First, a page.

Layering/encapsulation and good API design are the keys to good programming.
Too much abstraction is as bad as too little.
Minimize code dependencies and specially temporal dependencies: I specially hate the case when you have an object that requires its methods to be called in a particular order and that is manipulated from different layers. Impossible to follow code!
If you have to write some complicated piece of code, try to hide it behind and easy to use API.
Code flow must be easy to follow.
Perl is a powerful and expressive language, don't be afraid to use it to its maximum.
Avoid code duplication. Don't copy&paste. Boilerplate is OK to a certain degree.
Make your subs/methods meaningful.
Try to avoid helper subs/methods with long lists of arguments.
Don't use an object when a simple hash or array will do.
Speed matters, scalability matters, memory usage matters, IO matters. Keep that in your mind while programming.
When breaking some of the previous rules, document it.
Check the validity of your input (specially when dealing with external input), refuse anything you don't know how to handle: Note that this does not go against the robutness principle, they are orthogonal concepts.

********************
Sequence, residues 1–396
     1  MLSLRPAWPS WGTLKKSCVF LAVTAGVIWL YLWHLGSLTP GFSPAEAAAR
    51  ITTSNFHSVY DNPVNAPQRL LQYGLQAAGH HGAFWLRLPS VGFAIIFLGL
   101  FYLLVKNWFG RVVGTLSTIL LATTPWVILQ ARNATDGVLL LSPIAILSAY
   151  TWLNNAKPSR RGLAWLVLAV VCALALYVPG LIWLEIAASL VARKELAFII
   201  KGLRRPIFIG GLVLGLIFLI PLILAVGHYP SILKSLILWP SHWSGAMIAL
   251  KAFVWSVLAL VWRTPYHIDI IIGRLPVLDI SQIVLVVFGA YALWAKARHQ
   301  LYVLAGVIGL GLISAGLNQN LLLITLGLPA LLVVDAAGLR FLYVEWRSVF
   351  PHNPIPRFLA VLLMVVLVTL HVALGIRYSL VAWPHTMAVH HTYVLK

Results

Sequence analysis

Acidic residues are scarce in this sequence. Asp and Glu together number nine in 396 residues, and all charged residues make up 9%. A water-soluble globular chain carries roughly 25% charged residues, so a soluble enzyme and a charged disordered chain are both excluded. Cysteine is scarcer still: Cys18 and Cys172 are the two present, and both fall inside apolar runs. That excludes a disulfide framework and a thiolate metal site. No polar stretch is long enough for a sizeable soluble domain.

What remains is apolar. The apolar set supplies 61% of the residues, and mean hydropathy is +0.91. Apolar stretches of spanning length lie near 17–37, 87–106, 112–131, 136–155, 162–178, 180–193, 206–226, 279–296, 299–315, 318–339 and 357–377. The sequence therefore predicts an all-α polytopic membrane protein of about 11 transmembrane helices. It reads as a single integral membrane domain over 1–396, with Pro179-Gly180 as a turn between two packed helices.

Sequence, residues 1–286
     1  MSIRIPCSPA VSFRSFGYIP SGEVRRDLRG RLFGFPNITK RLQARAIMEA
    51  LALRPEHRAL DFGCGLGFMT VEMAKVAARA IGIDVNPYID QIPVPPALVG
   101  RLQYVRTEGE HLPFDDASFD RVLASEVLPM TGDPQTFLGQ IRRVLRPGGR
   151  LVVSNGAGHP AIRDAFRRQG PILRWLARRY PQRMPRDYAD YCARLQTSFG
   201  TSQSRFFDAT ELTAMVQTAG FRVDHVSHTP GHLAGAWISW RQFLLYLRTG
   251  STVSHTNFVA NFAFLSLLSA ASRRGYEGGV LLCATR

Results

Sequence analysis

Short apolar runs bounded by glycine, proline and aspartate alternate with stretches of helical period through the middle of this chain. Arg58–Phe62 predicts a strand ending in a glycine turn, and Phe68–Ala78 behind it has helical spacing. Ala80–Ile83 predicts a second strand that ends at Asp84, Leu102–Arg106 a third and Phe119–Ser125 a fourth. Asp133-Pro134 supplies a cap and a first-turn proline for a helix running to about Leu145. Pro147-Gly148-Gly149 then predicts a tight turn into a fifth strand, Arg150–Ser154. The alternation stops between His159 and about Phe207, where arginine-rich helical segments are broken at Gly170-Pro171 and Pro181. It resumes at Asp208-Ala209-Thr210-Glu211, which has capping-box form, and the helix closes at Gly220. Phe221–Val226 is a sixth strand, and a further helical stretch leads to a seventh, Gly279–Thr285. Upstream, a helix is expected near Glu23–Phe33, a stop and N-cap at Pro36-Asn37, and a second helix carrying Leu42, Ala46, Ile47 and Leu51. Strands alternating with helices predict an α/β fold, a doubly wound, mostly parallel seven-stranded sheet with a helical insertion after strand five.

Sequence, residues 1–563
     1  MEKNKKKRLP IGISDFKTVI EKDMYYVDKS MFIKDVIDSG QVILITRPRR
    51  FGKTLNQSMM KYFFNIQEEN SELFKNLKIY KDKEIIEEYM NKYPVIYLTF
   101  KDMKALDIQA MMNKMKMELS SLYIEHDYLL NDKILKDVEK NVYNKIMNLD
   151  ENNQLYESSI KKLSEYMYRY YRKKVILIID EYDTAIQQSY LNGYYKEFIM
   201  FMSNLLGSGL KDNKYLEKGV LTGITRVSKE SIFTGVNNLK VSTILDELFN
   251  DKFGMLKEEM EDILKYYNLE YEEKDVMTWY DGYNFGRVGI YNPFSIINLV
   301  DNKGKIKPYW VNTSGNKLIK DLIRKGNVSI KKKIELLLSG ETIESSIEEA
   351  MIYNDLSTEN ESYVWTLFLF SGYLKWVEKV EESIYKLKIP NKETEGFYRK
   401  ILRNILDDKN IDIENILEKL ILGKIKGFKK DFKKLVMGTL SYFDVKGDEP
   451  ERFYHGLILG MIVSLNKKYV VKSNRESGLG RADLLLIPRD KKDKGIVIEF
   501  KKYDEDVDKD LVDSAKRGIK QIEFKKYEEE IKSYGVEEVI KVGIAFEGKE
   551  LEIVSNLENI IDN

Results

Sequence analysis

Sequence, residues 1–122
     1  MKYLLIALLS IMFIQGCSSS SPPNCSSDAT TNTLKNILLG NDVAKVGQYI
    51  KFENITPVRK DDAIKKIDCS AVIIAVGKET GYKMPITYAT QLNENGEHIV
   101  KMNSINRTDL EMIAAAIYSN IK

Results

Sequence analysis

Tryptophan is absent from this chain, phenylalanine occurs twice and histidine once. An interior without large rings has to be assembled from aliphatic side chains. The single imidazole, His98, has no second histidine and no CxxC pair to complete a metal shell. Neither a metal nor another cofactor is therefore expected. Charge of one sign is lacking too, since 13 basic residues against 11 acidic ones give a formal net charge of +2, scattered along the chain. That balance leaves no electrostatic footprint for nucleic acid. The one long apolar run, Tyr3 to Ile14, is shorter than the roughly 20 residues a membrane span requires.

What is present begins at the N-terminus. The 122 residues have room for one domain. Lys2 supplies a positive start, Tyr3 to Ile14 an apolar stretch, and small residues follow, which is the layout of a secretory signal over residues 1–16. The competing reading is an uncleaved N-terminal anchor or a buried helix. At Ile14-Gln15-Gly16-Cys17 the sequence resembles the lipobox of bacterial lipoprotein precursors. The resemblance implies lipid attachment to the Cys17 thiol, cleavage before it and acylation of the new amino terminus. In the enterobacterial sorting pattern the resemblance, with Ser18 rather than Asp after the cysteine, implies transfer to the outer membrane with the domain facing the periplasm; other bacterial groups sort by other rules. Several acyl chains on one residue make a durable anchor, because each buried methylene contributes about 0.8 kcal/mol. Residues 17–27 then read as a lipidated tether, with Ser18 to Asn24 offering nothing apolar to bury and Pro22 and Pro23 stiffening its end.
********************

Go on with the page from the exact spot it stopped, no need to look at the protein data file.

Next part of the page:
Write regular expressions as strict as possible.
Check for errors extensively. Don't ignore them.
Include internal consistence checks.
Add lots of debugging code so that you may be able to debug problems reported by others even when you are not able to reproduce them.
Depending on an external module needs a good justification.
use strict, use warnings, selectively disable them when required.
No TDD, it gets on the way of my iterative design/programming thinking process (but if it works for you I am OK with it).
Otherwise, testing is a very good thing.
Be consistent in your coding style.
And use a good editor that takes care of it for you: actually I don't care too much about cosmetics, as far as blocks are indented it is OK for me.
Finally, paraphrasing the great Salvor Hardin, "Never let your sense of best practices prevent you from doing what is right!"
I prefer to have two separate lists: one for general
programming practices, another for language-specific ones.
The general, language-independent list tends to be
the more important and interesting of the two IMHO.
Most language-specific items, such as
"start each file with use strict"
"use three-argument open and lexical file handles"
are easily detected by a tool, such as Perl::Critic.
The general list, OTOH, usually requires a human with
good taste to adjudicate.
Pray tell, how precisely does Python prevent you
from using bad variable names?
How does Python enforce good encapsulation?
How does Python detect methods and functions that are too long?
How does Python help you avoid poor coupling and
promote wise decomposition?
Does Python write good documentation for you?
Does Python require comprehensive testing?